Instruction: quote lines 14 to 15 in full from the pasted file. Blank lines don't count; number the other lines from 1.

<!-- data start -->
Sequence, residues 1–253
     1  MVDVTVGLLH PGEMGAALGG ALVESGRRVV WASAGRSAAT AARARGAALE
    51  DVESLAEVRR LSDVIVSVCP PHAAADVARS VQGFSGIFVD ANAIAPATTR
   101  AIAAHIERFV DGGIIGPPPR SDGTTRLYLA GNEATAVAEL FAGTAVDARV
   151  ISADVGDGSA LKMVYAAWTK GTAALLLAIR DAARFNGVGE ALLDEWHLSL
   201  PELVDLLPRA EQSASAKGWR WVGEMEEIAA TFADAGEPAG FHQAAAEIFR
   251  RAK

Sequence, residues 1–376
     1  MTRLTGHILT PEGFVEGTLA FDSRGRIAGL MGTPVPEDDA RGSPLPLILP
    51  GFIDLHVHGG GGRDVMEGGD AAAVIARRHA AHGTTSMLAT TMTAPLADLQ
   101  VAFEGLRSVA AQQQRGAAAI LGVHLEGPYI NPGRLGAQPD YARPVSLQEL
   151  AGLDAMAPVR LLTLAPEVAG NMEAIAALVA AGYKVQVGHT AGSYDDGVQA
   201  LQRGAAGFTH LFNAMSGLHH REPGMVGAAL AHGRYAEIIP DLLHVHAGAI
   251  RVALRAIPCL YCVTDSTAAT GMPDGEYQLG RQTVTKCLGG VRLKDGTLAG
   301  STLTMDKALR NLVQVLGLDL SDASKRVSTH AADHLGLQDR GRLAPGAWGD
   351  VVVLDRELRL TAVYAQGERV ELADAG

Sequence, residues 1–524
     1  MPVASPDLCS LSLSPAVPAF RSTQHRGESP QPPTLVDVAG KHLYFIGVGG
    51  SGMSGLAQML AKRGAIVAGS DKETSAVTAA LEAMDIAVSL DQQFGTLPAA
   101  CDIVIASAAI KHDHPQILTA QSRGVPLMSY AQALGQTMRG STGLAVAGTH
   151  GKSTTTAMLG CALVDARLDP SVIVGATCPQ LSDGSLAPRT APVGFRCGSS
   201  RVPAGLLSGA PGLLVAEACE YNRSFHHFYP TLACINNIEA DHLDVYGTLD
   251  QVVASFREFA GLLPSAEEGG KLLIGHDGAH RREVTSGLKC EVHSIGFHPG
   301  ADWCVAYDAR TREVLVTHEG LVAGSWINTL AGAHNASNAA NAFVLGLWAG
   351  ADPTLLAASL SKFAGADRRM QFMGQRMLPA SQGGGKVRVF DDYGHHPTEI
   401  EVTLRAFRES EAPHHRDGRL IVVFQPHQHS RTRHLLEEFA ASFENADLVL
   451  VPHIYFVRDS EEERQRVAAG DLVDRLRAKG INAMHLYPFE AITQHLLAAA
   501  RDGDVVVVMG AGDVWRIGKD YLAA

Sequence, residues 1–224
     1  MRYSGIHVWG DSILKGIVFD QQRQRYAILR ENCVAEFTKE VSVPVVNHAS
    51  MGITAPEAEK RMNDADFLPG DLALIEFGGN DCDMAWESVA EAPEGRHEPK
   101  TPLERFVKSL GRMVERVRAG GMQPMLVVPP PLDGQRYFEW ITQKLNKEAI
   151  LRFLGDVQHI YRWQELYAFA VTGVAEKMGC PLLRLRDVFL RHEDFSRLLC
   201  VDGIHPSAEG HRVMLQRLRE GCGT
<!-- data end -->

   251  RVALRAIPCL YCVTDSTAAT GMPDGEYQLG RQTVTKCLGG VRLKDGTLAG
   301  STLTMDKALR NLVQVLGLDL SDASKRVSTH AADHLGLQDR GRLAPGAWGD